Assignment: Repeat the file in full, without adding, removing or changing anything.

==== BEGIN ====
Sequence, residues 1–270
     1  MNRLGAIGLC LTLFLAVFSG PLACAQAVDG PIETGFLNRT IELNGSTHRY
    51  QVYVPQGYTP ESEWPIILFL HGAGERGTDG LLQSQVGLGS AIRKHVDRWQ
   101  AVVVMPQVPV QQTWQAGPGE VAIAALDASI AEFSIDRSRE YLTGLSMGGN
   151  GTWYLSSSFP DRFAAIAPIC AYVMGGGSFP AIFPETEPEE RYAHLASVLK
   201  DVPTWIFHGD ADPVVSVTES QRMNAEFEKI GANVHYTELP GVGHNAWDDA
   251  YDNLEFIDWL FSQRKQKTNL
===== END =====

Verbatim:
Sequence, residues 1–270
     1  MNRLGAIGLC LTLFLAVFSG PLACAQAVDG PIETGFLNRT IELNGSTHRY
    51  QVYVPQGYTP ESEWPIILFL HGAGERGTDG LLQSQVGLGS AIRKHVDRWQ
   101  AVVVMPQVPV QQTWQAGPGE VAIAALDASI AEFSIDRSRE YLTGLSMGGN
   151  GTWYLSSSFP DRFAAIAPIC AYVMGGGSFP AIFPETEPEE RYAHLASVLK
   201  DVPTWIFHGD ADPVVSVTES QRMNAEFEKI GANVHYTELP GVGHNAWDDA
   251  YDNLEFIDWL FSQRKQKTNL